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Micron Zooms as Samsung Signals Tight DRAM, NAND Supply in 2018

As many have noted, investment in chips by Samsung seems to be taking a back seat to the dividend, which is expected to double next year.

Stifel Nicolaus’s semiconductor equipment analyst, Patrick Ho, notes that out of $26.2 billion Samsung is planning to spend on production for the semiconductor division, 70% to 75% is to be spent on memory chips.

Writes Ho, "While there may be investor concern over the significant capex targeting memory, we believe that at this time and into at least 1H18, both memory segments (NAND and DRAM) will remain in short supply versus demand trends."

In fact, for 3D NAND, we believe that despite the significant amount of industry 3D NAND capacity that is likely coming on board in 2017 and 2018, demand will continue to outweigh supply through all of 2018 and possibly through 2019 as well. Management noted that 3D NAND capacity continues to be added in its Pyeongtaek campus, while we were somewhat surprised at the new capacity additions Samsung has planned on the DRAM end (2nd floor in Pyeongtaek; transition of Line 16 to DRAM). Additionally, the company noted that it was spending a large portion of its December capex on infrastructure and clean room build outs, which we believe could be targeting some of the DRAM capacity additions management suggested. On the logic end, the company continues to add 10/7nm capacity for the leading edge, while also transitioning lines for other devices like image sensors (at more mature technology nodes).

Ho thinks your best bet, by the way, in equipment, is Applied Materials (AMAT): “We believe Applied Materials has the best exposure to both Samsung’s semi and display capex trends."

"We believe that Applied has strong exposure in Samsung’s 3D NAND build out and is a key supplier to its flexible OLED build out."

Tim Long of BMO Capital notes that “management appears committed to making shareholder return both higher and more predictable."

His take on the semi outlook:

Key takeaways from the call include: 1) a substantial amount of the implied KRW 9.8 trillion in Semi CapEx for 4Q17 will largely be used for clean room expansion; 2) priorities for spending, in order, are continued ramp for 3D NAND at Pyeongtaek, DRAM process migration, and DRAM conversion to supplement capacity loss stemming from migration, 3) the company has pared down expectations for planar NAND to DRAM conversion on higher-than-anticipated conversion costs.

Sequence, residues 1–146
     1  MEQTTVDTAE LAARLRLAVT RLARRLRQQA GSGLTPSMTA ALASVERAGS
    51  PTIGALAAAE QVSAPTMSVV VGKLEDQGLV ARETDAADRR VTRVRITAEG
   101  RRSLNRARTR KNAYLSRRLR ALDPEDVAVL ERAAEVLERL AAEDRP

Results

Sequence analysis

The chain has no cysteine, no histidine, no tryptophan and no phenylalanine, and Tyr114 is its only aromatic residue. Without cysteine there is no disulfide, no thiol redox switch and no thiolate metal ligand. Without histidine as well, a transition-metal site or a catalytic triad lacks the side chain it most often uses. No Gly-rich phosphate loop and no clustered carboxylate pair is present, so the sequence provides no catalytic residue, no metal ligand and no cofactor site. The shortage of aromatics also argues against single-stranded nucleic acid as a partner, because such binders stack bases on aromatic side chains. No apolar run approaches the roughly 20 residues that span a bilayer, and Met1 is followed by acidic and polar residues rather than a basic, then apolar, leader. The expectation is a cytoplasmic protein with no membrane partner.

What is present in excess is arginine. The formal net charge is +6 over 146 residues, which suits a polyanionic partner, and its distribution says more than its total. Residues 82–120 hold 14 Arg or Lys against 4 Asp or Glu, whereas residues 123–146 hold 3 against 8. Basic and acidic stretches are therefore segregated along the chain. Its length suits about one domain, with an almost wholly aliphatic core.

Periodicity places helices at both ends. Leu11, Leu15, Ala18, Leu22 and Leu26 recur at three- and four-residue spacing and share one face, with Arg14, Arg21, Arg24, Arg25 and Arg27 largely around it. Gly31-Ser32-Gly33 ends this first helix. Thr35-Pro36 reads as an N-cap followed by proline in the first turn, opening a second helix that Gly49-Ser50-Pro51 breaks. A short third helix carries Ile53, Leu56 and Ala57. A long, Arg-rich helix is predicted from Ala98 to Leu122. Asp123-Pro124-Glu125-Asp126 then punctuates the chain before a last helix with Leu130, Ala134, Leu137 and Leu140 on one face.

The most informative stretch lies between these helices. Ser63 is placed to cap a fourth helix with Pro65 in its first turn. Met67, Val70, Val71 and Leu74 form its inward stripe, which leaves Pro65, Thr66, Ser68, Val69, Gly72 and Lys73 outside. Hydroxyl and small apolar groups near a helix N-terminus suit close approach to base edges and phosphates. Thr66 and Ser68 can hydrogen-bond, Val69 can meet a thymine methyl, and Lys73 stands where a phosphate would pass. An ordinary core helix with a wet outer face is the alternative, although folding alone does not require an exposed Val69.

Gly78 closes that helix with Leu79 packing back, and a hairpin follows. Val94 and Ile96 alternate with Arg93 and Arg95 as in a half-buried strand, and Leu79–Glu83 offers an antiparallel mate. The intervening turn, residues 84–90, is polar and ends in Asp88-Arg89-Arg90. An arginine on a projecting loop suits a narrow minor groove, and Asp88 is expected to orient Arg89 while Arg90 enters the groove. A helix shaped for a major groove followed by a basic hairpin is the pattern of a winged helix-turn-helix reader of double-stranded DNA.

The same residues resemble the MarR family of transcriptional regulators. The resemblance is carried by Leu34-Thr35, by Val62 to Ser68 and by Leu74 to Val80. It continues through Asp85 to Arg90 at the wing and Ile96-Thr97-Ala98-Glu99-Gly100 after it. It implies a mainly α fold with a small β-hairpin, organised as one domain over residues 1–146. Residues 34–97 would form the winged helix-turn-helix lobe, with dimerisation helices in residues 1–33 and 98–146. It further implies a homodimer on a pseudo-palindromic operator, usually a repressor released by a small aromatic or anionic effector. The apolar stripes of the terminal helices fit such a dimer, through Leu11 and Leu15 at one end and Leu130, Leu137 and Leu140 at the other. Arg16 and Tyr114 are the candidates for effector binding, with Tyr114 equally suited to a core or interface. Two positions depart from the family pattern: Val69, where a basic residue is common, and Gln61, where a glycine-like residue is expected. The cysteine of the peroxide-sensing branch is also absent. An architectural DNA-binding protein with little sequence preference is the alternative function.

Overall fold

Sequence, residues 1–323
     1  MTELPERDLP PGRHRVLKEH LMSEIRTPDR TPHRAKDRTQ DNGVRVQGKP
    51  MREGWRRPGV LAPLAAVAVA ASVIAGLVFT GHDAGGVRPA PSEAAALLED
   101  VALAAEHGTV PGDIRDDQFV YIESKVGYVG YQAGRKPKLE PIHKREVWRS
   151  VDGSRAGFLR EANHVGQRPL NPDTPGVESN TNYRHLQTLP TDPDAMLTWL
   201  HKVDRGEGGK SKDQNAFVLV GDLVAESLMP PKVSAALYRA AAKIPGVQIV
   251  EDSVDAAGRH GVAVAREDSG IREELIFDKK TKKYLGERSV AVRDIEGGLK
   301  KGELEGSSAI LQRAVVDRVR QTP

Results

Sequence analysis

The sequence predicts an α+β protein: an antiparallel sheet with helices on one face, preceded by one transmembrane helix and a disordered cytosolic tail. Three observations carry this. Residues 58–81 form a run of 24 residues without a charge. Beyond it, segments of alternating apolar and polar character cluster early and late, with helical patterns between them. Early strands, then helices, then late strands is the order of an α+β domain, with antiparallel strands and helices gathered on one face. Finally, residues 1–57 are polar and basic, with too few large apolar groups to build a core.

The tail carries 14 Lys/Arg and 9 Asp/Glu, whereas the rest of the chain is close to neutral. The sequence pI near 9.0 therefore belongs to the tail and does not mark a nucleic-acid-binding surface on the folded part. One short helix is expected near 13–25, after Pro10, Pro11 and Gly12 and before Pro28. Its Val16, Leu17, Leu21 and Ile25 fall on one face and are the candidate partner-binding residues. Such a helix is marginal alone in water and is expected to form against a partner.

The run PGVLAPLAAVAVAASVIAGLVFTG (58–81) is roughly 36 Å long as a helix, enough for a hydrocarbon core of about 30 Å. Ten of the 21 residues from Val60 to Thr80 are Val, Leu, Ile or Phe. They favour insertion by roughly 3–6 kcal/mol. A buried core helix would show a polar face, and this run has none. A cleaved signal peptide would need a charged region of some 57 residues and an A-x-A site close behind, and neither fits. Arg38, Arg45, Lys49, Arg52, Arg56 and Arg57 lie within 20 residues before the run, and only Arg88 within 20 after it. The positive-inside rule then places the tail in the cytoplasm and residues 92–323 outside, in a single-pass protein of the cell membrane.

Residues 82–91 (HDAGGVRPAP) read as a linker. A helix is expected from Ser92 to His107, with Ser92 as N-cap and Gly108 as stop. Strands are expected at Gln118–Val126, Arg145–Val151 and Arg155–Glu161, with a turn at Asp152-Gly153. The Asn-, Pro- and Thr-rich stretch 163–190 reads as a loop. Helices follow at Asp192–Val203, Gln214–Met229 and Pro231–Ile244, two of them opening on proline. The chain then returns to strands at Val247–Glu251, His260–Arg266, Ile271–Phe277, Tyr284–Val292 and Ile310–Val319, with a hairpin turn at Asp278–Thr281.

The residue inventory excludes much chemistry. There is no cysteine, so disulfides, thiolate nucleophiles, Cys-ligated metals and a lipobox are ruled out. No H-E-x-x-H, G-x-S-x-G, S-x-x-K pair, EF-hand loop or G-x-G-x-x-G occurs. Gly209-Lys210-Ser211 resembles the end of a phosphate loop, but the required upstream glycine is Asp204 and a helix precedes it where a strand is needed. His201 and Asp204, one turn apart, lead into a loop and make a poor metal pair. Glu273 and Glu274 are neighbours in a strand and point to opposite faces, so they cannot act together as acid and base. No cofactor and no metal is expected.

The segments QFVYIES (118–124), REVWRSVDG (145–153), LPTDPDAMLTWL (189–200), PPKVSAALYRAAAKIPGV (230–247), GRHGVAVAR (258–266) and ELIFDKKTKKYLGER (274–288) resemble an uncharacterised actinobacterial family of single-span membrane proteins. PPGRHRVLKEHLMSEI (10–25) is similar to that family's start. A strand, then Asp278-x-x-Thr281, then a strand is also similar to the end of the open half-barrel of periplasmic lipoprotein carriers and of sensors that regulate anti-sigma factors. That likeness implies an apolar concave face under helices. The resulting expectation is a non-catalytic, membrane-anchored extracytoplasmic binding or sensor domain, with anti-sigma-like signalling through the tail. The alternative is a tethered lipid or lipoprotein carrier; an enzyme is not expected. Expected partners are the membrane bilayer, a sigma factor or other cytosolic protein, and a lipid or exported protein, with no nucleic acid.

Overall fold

Mehdi Hosseini with Susquehanna Financial concludes that "All in all, memory remains in balance through 1H18."

There’s lots of uncertainty for Samsung’s output of NAND, despite a commitment to spend more:

Lower NAND bit shipment (due to challenges associated with 3D NAND ramps) is something that we have been discussing for several months now and not a surprise, nor is Samsung's 2017 capex guide of KRW45t, up 75% Y/Y, which also includes the cost associated with the number of new clean rooms the company is currently building. The company remains nimble, evident by its decision to use part (or perhaps all) of the second floor of Pyeongtaek fab for DRAM manufacturing as it tries to figure how to fix its 3D NAND architecture. Our checks suggest that Samsung still has not finalized plans for its 92L 3D NAND, and it is still not clear how many stacks it will be based on. Additionally, as we have noted before, the Xian (NAND) fab remains at 48L, and it is not clear whether Xian would move to 64L or wait for 92L manufacturing recipe to be finalized in 2018. However, we do think that Samsung will introduce its flagship GS9 earlier than expected (sometime in 1Q18), though it will have to compete fiercely with Chinese OEMs that are also planning to introduce their new high end models.


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